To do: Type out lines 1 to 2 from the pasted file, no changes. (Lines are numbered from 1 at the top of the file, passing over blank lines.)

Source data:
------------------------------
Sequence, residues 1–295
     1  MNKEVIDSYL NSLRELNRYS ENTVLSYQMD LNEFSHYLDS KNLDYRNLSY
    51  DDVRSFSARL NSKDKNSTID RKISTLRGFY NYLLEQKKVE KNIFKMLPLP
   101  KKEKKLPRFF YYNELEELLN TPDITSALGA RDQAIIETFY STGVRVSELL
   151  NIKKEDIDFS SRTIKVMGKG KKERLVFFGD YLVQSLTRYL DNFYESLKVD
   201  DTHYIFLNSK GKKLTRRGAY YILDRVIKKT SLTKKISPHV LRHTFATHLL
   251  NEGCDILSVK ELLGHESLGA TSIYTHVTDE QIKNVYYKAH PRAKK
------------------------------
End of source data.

Sequence, residues 1–295
     1  MNKEVIDSYL NSLRELNRYS ENTVLSYQMD LNEFSHYLDS KNLDYRNLSY